Why this one, Aana? I didn’t read either of these either, but The Story of My Teeth sounded really creepy and I didn’t like the premise.
TOB match to be decided March 17.
The Contest: The Satirical Sides
The Competitors: The Sellout vs. The Invaders
Cheminne Picks: The Sellout, by Paul Beatty
Aana Picks: The Sellout, by Paul Beatty
Why this one, Cheminne? These books again have a common idea - holding a mirror up to society's ills. The Invaders, however, never really satisfies with its all-too-common idea of a fish-out-of-water, a second wife who isn't accepted into the social set that her husband swims in. When she commits a horrific act, she finds herself rebelling against the rules set in place by money and class. The final denouement of a hurricane washing clean the small coastal Hamptons-esque town was too much for me, though. It was a set-up that didn't pay off, for a story that's been told one too many times.
That cannot be said about The Sellout, a raucous raunchy satire that reminded me of Chris Rock's in-your-face comedy. Nothing was sacred or off limits and it made me laugh out loud. Not something you would normally say about a book that covers slavery, racism, discrimination, violence, and police brutality. But it is funny - with a kernel of pain thrown in to remind us that it isn't really funny at all. The central character, never really given a name, is raised by a social scientist father who loves to use his son as an experiment. When his father dies, and his town is removed from the map, the narrator decides he will also experiment with society's norms, determined to bring his town back. He's joined by Hominy, an actor who played stereotypical black roles in early movies and who is now upset that his fans might not be able to find him with the town gone. He begs (literally) to have the narrator take him on as a slave, and the two of them segregate their new version of their old town. In a time where race is becoming a defining issue in the presidential campaign, The Sellout is the most brutal and honest conversation about race we may have this year. Maybe all the candidates should read it, too.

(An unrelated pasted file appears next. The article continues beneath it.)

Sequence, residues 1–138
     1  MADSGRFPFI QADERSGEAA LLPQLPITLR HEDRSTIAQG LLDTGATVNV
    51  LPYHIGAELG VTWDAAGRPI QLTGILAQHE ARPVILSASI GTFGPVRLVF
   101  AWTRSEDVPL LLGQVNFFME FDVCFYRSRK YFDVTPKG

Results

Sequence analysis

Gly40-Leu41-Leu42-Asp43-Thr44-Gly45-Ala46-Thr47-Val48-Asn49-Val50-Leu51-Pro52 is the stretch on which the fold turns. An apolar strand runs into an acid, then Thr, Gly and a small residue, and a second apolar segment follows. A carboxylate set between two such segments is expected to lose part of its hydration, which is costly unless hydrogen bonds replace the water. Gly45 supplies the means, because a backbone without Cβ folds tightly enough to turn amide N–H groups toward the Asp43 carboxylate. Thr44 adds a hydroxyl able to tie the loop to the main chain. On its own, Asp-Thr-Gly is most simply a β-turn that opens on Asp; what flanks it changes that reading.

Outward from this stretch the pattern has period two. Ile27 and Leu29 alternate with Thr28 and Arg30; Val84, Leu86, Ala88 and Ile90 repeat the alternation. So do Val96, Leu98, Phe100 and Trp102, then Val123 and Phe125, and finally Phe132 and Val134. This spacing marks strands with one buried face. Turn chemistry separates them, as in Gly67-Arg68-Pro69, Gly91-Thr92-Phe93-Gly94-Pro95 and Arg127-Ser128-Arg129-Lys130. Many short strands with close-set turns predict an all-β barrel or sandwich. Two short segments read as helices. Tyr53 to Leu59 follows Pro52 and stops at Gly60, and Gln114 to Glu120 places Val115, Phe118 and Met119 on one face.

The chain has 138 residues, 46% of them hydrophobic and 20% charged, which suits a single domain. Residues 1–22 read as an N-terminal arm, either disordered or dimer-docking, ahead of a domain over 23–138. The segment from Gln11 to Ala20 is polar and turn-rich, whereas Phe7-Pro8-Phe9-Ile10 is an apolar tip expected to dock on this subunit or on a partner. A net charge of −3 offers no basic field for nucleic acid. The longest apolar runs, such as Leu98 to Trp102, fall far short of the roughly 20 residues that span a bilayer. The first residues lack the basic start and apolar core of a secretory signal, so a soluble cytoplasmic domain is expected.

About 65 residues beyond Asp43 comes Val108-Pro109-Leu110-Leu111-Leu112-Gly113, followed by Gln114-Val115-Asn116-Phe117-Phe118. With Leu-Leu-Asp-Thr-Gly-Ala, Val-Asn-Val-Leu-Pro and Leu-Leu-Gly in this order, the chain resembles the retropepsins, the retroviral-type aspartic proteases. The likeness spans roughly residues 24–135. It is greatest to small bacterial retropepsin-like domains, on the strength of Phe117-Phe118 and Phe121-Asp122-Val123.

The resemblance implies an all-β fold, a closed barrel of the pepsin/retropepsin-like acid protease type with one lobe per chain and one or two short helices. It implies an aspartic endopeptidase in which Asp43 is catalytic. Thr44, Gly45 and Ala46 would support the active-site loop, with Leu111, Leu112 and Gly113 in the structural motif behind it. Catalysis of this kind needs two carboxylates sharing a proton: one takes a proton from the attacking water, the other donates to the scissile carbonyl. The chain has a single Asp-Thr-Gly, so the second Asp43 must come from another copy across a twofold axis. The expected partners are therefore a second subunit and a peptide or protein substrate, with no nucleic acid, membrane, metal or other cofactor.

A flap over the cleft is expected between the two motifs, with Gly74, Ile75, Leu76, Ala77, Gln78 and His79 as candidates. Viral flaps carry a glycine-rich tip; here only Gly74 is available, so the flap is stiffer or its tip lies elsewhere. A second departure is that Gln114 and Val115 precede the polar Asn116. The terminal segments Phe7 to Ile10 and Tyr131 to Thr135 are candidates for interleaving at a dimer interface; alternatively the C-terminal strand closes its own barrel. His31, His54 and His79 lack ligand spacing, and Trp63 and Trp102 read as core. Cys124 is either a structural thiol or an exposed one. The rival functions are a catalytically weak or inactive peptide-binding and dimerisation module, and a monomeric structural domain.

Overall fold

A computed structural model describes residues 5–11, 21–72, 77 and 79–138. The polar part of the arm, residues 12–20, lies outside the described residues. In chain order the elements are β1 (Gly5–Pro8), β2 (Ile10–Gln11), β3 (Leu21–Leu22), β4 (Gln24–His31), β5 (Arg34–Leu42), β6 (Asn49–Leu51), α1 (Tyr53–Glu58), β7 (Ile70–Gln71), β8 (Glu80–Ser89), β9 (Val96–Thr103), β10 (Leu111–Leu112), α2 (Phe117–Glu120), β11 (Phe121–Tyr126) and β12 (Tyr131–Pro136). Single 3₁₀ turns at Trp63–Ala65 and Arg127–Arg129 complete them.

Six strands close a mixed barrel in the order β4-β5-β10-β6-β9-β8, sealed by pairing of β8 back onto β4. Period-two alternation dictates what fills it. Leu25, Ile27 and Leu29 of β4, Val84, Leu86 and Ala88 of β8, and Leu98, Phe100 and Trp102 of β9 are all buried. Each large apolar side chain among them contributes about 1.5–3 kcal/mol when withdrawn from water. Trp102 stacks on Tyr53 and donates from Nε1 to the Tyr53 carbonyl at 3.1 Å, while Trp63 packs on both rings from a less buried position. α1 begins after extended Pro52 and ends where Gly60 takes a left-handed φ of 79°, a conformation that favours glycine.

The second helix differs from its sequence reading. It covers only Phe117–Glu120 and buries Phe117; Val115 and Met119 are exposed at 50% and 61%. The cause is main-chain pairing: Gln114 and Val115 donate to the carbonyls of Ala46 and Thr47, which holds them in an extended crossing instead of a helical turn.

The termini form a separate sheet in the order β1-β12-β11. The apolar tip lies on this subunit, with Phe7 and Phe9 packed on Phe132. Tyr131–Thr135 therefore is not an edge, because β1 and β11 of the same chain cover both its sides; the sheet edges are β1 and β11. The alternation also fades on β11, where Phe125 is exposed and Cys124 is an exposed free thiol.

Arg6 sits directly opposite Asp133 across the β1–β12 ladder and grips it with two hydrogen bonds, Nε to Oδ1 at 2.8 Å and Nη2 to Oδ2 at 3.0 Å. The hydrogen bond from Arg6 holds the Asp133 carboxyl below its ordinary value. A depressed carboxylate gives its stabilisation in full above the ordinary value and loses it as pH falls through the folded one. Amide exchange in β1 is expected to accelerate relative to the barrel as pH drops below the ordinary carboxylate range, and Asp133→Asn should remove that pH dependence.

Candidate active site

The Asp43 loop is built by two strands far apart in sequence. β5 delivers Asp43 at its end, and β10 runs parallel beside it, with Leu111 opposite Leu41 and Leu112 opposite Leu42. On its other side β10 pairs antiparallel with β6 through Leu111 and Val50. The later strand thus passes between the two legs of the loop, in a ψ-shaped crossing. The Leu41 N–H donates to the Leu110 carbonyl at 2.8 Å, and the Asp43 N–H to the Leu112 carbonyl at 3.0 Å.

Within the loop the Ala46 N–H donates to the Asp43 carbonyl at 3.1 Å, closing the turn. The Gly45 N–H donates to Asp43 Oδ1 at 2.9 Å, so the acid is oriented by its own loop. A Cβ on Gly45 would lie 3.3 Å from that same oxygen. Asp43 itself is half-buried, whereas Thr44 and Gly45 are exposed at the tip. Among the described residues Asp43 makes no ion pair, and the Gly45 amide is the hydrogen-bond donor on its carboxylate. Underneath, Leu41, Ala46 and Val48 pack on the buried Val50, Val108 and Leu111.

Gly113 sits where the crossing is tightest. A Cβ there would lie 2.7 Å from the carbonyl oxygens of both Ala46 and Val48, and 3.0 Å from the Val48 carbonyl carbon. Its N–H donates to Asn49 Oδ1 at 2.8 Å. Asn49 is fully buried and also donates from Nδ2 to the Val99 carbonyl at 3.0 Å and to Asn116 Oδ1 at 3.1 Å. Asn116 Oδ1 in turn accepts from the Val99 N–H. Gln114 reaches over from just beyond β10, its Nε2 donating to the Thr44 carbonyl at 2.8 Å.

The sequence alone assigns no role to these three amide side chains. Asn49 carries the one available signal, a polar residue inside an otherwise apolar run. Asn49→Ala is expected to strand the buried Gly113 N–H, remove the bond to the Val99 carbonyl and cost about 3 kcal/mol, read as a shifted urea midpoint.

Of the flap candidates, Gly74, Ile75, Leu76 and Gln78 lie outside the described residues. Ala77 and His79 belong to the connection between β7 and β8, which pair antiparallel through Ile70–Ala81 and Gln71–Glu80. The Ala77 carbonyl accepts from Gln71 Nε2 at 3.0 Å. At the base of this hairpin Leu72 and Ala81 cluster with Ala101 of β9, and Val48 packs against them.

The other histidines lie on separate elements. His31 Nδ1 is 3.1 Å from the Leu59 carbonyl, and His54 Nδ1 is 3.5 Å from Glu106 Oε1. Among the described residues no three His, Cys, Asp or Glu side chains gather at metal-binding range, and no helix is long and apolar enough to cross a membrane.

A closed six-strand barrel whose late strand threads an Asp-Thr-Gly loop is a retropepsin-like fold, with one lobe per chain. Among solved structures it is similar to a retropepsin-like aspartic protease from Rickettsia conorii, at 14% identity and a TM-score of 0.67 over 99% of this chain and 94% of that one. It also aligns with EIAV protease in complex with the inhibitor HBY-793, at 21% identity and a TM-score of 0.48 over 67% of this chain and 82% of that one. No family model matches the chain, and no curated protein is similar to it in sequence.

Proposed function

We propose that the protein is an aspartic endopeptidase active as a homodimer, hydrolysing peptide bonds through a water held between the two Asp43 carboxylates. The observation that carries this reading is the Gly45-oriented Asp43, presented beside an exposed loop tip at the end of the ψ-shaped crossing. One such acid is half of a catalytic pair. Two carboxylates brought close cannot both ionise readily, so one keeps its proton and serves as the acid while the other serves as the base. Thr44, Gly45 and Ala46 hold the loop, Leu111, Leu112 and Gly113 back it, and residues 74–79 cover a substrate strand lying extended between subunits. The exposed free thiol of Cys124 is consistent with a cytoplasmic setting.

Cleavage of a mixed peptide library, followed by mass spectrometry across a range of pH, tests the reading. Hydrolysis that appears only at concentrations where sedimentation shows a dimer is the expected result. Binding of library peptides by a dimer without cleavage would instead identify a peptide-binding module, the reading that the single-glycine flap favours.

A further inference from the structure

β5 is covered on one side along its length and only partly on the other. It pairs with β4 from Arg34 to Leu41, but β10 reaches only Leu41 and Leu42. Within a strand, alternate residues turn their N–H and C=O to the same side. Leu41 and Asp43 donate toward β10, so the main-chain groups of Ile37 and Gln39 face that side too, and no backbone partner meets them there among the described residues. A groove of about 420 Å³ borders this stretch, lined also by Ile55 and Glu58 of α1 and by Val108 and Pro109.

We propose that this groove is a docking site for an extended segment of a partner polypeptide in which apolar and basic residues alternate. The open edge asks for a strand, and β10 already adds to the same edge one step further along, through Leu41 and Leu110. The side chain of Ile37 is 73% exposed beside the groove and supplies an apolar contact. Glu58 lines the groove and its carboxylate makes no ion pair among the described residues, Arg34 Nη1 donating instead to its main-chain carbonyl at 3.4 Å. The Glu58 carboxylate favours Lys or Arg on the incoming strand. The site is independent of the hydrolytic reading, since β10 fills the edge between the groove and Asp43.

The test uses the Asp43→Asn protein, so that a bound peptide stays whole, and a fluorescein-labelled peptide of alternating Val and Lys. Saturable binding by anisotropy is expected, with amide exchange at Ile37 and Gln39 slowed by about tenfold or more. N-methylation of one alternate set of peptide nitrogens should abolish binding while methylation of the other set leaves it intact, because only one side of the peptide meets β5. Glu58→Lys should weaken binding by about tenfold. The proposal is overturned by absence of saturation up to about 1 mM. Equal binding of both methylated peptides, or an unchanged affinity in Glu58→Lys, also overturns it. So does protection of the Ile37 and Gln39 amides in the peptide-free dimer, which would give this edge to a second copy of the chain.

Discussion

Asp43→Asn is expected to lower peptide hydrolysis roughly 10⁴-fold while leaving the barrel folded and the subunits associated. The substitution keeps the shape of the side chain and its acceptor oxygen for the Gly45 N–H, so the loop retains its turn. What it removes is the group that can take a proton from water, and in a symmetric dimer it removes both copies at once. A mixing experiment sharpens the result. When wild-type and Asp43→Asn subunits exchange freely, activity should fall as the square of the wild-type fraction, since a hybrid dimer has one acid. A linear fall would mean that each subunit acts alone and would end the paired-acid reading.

Why this one, Aana? The Sellout was hilarious. It’s a Swiftian satire in which the narrator proposes a return to segregation as a solution for the problems associated with racism. Interestingly, in this book, segregation also seems to be a solution for the problems associated with ignoring racism or trying to pretend that racism doesn’t exist. I think most readers will be able to identify with the themes presented and I hope nobody takes it too seriously, because this book is FUNNY. It’s got a sense of style that many new books lack, and the characters are just cool in a way that a lot of authors don’t seem to get these days. It’s a great read that will really make you think. I think a lot of the essence of the story can be summed up in this quote by the main character: “I’ve whispered racism in a post-racist world.”
TOB match to be decided March 18.